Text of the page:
I was seriously expecting The Kingmaker to be a documentary favorable to the Marcoses, given that it was being shown at the Cultural Center of the Philippines and former First Lady Imelda Marcos was its patron. However, I was pleasantly surprised that it presented an insightful documentary true to its purpose, highlighting the role of Imelda as a Kingmaker.
Showing a documentary about the Philippines is rather tricky. Reception is likely to be biased towards the viewers’ political leanings. Whether or not they agree with the information provided by the sources is a challenge as everything is clouded by one’s interpretation
This is why The Kingmaker was an interesting documentary. It was filmed over roughly three years from 2014 during the administration of former President Noynoy Aquino and until Duterte won by a landslide victory in 2016.
To cement the credibility of the documentary, Emmy award-winning filmmaker Lauren Greenfield interviewed Imelda Marcos herself and let her freely tell her version of history. Her words provided key insights into her evolution from a beauty queen to one of the most powerful women in the country’s history, her obsession with beauty, her determination to get her way and finally, her politics.
During one of the interviews, Bongbong Marcos nailed it when he said that the best politician that he knew was his mother. It was true. With a shrewdness that would put world leaders to shame, Imelda built her clout over her years as the first lady and used these projects as leverage for political alliances in all parts of the country. These alliances brought their family back to power even after the People Power revolution in 1986. The same loyalty is still being enjoyed by the Marcoses decades after they left the Palace, and its all thanks to Imelda.
Imelda is a walking contradiction. She claims to be penniless but could not resist her ownership of beautiful things such as Monet and Michaelangelo paintings, framed in gold. She claims to be a simple widow but she commanded her family’s political direction and the preservation of their dynasty.
After watching The Kingmaker, I was convinced that in her mind, she did believe that she is doing what is best for the country. However, it is not something she is doing out if love for the country but rather her love for the limelight and her penchant for public approval. She loved to be adored and she could not stand to be judged harshly by anyone.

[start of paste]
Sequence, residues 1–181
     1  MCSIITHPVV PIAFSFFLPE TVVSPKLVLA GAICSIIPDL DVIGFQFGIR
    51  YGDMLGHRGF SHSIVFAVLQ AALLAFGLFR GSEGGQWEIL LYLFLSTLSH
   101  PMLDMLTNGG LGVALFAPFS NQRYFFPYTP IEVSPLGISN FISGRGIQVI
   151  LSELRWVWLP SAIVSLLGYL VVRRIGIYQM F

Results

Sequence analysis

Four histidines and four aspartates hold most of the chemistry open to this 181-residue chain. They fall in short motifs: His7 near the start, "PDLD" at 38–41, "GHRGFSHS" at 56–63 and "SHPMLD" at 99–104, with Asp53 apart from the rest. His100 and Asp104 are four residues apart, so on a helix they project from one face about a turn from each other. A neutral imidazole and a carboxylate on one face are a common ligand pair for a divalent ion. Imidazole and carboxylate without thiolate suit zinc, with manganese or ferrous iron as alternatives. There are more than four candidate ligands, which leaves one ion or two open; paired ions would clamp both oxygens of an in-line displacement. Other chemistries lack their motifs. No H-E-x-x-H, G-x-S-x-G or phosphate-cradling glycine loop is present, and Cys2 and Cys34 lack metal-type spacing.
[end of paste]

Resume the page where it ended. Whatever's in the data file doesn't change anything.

I loved that the documentary made use of interviews from credible sources, to ordinary people who were for and against the former First Family. While the slant was more anti-Martial Law, the documentary acknowledged the sector that still believed that the Martial Law years did the country some good.
It also shone the parallels between two strongmen rule in the Philippines at the time of Marcos and Duterte by using actual footage from the past to illustrate the political climate in these two timelines. It also shows how the past casts in long shadow over the present as it explains the strategic alliance between the Philippines and the US, thus raising questions about the current state of affairs where the Visiting Forces Agreement hangs in the balance.
Politics was a moving force behind the documentary. The strategic movement of people in key positions, the controversial election results, political dynasties and the like. And with Imelda’s repeated statements about mothering the country and her claims to want to restore paradise in the Philippines, you can’t help but admire her for disguising her determination and ambition in soft words and her fragile state of health. For anyone who would watch this documentary, it is obvious that Imelda is not ready to retire from politics just yet. She is until the end of her days a Kingmaker and she will not rest until her only son returns to the Throne.
Whether or not you are for or against the Marcoses, The Kingmaker does deliver on its promise of providing an insightful look into a woman whose real-life exploits can put the politics of Daenerys Targaryen and Cersei Lannister combined, to shame.